How about existing fiscal arrangements?
Created within the Maastricht Treaty, the SGP targets discipline in public areas budgets, primarily with a complicated excessive deficit procedure. It hasn’t been executed and was loosened in 2005. National ministers deciding by qualified majority and getting the final say have preferred a cooperative approach up to now – because so many students would if deciding collectively who’ll pass their exams. The EU is finalising another SGP reform. You will have a fresh preventive part, but probably no automatic sanctions (Kafsack 2011).
- Pact for the euro
Designed in March 2011, this instrument should foster national competitiveness, employment, stable public finance, and financial stability through, for instance, improved national education systems, labour-market reforms, debt brakes, expenditure rules, etc (Consilium 2011, Annex 1). Sceptics are the Economist (2011a) and observers such as for example Gros (2011) on this website who criticise the entire lack of means and sanctions for implementation.
This strategy produced by the European Commission (2010) replaces the Lisbon Technique for Europe between 2000-2010 which has basically failed. Europe 2020 presents precise targets for most national areas, e.g. higher employment rates, more R&D-spending, better environment, and less poverty. Here again though, precise sanction mechanisms are entirely missing.
- European Semester
Introduced by the Council of the EU (2010) and first implemented in 2011, this annual early-warning system strives for long-term fiscal coordination. Predicated on a Commission report, the Council of Ministers and the European Parliament give political advice. Member states should then review their medium-term budgetary strategies and deliver reforms. For the national budget planning of the year ahead, the European institutions provide political advice.
Up to now, the EU’s political recommendations aren’t legally binding. Heinen (2010) thinks their publication may put more peer pressure on national ministers and become interesting to bond markets. But within SGP, peer pressure and pure publication instruments have ultimately failed.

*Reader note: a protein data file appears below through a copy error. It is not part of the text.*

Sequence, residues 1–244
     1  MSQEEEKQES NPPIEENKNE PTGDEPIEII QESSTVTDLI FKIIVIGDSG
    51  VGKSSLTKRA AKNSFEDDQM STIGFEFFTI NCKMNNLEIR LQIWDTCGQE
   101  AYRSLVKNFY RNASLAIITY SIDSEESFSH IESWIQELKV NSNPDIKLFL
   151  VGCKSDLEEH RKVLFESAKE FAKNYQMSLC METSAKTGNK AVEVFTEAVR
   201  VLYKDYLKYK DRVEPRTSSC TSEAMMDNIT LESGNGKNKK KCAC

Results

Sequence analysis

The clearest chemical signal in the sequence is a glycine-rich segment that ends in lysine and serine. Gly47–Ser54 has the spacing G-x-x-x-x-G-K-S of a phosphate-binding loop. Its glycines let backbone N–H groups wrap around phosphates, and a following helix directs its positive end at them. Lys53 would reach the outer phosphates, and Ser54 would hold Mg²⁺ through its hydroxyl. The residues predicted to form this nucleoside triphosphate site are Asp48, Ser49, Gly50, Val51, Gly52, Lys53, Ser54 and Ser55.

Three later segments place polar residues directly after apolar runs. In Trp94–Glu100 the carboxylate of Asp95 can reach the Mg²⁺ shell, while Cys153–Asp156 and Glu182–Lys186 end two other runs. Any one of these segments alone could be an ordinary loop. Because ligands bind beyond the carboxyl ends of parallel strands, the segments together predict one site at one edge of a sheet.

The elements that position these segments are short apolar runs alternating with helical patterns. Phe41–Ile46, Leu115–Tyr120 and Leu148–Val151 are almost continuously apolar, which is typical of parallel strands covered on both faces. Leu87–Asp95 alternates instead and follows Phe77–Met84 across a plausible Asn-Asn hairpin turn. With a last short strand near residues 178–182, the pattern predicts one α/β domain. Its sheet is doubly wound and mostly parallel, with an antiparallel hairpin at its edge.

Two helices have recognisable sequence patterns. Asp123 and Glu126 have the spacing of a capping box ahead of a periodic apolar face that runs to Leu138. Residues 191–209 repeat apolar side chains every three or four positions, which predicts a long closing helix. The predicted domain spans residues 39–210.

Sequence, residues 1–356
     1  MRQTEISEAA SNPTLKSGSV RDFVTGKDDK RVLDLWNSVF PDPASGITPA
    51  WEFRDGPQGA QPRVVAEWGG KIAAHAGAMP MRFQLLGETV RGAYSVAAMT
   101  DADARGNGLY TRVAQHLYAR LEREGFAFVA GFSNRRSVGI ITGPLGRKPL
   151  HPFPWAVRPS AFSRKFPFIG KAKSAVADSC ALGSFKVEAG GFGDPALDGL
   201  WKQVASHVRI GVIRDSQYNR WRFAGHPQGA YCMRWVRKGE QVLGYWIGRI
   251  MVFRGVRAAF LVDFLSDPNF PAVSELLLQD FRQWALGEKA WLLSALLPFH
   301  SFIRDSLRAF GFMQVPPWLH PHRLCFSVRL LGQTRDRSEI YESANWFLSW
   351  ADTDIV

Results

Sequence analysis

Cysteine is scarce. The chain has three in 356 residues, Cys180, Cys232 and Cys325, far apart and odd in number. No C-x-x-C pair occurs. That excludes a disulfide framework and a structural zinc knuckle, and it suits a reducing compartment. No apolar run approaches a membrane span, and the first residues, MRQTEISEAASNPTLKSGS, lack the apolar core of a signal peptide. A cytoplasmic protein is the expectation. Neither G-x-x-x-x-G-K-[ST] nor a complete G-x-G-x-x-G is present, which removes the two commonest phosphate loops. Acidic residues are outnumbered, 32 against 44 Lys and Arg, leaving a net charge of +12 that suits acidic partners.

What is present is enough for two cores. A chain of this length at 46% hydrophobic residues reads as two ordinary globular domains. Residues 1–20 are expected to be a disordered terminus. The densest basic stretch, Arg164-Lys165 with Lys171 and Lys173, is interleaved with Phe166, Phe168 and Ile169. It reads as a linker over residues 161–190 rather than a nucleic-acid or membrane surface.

- European summit in July 2011
Here, the Council of the EU (2011) was very precise on additional financial help for Greece and the European Financial Stability Facility. Regarding fiscal policy coordination, it just recapitulated the ongoing initiatives for stronger discipline and EU surveillance (Council of the EU 2011) without including additional ideas on how best to enforce these targets.
In conclusion, none of the prevailing fiscal agreements is strict enough to improve budget behaviour of national governments.
Which options for effective incentive schemes are under debate?
- National debt brakes
They were proposed by Chancellor Merkel and President Sarkozy in August 2011 (see for example Curtis 2011). Debt brakes are fashionable: – following a International Monetary Fund (2009, p. 7), national fiscal rules of any sort went up from seven in 1990 to about 80 in early 2009. However, they often include exceptional clauses and you will be executed later on. An average example is Germany’s constitutional debt brake. The issue of enforcing non-automatic rules are most likely the most obvious regarding the US’s legal debt ceiling that was raised for the 75th amount of time in August 2011 (The Economist 2011b).